Met Gala costumes: Rihanna, Dua Lipa, Kim Kardashian – what would Karl have thought?

What was Carl thinking? Watching the stream of Lagerfeld-a-likes climb the steps of the Met on Monday night in black-and-white, it was hard not to wonder.

Yes, the dress code was dictated to the evening “in honor of Karl”, the evening itself in honor of the opening of the Fashion Institute exhibition dedicated to the designer’s work. Yes, Mr. Lagerfeld has made himself into a caricature, with his uniform of black jeans, white turtleneck, black blazer, fingerless gloves, black silk ties and black shades. And yes, the party itself often looks like a high-fashion fancy dress, with guests trying to outdo each other in attention-grabbing lotteries.

But Mr. Lagerfeld, who has attended the ceremony seven times and was a co-host once, in 2005 when the topic was Chanel, was also a man who didn’t have a truck with looking back, once declaring, “I don’t want to see all those old dresses” when asked. for a previous retrospective of his work. And this was a party full of old dresses. (A positive change, for once, from whatever happened in the past.)

Vintage was everywhere: a 1988 mint green Chanel on Penélope Cruz, co-host, and a white Chanel Princess dress from 1992 on Dua Lipa, another co-host; a 1993 Chanel dress on Margot Robbie and a 2010 pink and silver Chanel dress on Naomi Campbell; Nicole Kidman even recreated the feathered Chanel outfit she wore in a 2004 ad campaign for the brand. Chloe is also vintage: a redesigned violin dress, originally designed by Mr. Lagerfeld in 1983, on Olivia Wilde and a redesigned shower dress from the same collection, revived for Vanessa Kirby.

and Fendi, courtesy of Lila Moss Hack in 2018 couture — “vintage” is a interchangeable term these days — and Suki Waterhouse in a floral dress from the Spring 2019 collection. (Watching the red carpet felt a bit like a treasure hunt through fashion history: guess the season! ) That’s recycling for you.

What was amazing was how good everything looked. In some ways, the devotion of the evening’s dress code to Mr. Lagerfeld was an opportunity to reset, an opening for the audience to avoid ridiculous temptation and return to elegance.

After all, the designer believed in making an effort. (He once mocked sweatpants as “a sign of defeat.”) And so did many of the guests. Compared to more recent festivals such as “Camp” and “Heavenly Bodies”, the kitsch element was significantly undervalued.

There were a few notable exceptions, of course, most notably Choupette’s iconic portraits: Jared Leto, in full white Berman costume (later changed into a black suit and cape); Doja Cat wears an Oscar de la Renta cat dress covered in pearls and feathers and facial prosthetics; Lil Nas X in silver pearl-encrusted body art and a G-string.

But compared to a plethora of quieter boucles—even Janelle Monáe’s nudity in an oversized Thom Browne tweed coat over a pyramid-shaped superstructure peeled back by a group of assistants to reveal an embroidered bikini, and Anne Hathaway’s pinned-up safety in Versace—did tweed—they seemed a little desperate. (To be fair, Mr. Lagerfeld, who once built a supermarket in the Grand Palais, appreciated the viral remark as much as anyone, and probably would have been amusing.)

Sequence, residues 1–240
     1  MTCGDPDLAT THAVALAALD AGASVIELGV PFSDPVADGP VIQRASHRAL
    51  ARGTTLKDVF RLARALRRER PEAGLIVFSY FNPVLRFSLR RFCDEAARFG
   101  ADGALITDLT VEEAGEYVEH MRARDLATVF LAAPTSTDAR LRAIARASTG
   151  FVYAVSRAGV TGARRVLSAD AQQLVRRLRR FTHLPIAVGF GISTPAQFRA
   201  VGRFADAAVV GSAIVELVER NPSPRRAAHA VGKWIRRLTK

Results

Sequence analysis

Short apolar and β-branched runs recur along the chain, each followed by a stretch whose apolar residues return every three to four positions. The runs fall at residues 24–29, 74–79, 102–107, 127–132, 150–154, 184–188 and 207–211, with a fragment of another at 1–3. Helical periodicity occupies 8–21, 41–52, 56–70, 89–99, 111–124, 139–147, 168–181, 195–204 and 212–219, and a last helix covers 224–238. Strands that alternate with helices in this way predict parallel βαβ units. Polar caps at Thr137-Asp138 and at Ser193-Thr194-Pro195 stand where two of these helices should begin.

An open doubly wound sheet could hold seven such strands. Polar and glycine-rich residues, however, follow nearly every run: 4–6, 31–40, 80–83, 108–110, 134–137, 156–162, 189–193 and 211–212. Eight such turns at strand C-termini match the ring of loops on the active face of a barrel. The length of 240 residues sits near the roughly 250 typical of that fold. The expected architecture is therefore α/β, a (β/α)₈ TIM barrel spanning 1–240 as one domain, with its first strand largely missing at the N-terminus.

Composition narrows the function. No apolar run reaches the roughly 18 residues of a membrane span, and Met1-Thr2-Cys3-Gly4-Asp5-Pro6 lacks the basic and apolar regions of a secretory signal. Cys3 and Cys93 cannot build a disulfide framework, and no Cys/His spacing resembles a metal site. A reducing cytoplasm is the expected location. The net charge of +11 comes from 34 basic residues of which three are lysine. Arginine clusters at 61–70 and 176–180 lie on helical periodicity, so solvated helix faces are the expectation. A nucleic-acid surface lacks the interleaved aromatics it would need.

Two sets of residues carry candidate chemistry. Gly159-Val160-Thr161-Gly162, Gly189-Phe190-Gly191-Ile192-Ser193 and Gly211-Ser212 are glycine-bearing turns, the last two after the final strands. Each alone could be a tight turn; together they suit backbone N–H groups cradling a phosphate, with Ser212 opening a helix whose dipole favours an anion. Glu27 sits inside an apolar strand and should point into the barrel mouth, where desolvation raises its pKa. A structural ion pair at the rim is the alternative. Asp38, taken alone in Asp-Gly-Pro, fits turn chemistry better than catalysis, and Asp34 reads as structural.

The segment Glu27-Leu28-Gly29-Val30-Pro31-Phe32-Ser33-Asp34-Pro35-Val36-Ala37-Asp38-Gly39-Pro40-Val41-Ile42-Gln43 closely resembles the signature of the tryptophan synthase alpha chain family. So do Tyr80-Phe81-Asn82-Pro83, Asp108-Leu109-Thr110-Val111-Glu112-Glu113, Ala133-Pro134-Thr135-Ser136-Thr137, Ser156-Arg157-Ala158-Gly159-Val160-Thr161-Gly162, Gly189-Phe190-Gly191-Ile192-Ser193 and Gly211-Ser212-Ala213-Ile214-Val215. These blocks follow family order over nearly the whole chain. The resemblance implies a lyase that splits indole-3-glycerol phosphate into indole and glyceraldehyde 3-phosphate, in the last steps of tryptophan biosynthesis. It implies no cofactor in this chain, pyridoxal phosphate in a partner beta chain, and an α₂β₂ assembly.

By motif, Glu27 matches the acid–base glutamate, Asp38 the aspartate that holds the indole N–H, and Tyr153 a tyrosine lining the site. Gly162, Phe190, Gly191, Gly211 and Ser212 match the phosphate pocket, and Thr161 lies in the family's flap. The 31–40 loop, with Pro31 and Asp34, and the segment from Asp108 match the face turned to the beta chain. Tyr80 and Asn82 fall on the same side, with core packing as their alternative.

Even Kim Kardashian, who wore a cord of Schiaparelli pearls across her neck and waist over a toned-down corset, looked out of place, as if she was trying too hard. This is despite the fact that the pearls were an obvious nod to Mr. Lagerfeld’s Chanel, his fashion-shifting facility with the brand’s signature, and he appeared time and time again in more toned-down looks to the other guests. See, for example, Chanel Lizzo’s black pearl-and-scalloped Chanel over Prabal Gurung’s gray silk Taika Waititi coat.

Indeed, the rug was full of not-so-disgusting Lagerfeld references, like the high collar of Giulia Gucci’s white satin halter-neck dress, and Cardi B’s black patent leather camellia-embellished dress from Chen Peng’s studio, which came with his own shirt and tie. Not to mention the gloves, shades, and tie pin Ke Huy Quan wore at Dior Men; the white trompe l’oeil shirt and tie from Stephanie Hsu’s embroidered Valentino dress; and “Choupette blue” from James Corden’s Brioni tux (named by Mr. Lagerfeld in honor of his cat’s eyes).

Then there was Olivier Rousteing’s Balmain quilted handbag, complete with “Carl who?” Scribbled on the side. It was a reference to a tote bag the designer once carried, and he had a relatively healthy sense of humor about its silliness. Mr. Lagerfeld probably would have appreciated the sweeping robe that Mr. Rousteing designed for Jeremy Pope with Lagerfeld’s voluminous figure at the hem. He did, after all, put his face on an H&M T-shirt for their collaboration. He liked the idea of ​​showing up.

However, of all the Lagerfeld gestures on display, perhaps none sounded more Lagerfeld true than Rihanna’s arrival after 10 p.m., a point in the evening when some of the guests were already leaving the party. In a camellia-draped Valentino cocoon and baby-hugging white gown, she swept the arm of ASAP Rocky, who himself wore Gucci jeans and a kilt in the style of an outfit worn by Mr. Lagerfeld for a runway bow at the 2004 Chanel show. Mr. Lagerfeld, of course, was always late for everything. Often by hours.

He, of all people, would have applauded the entrance.

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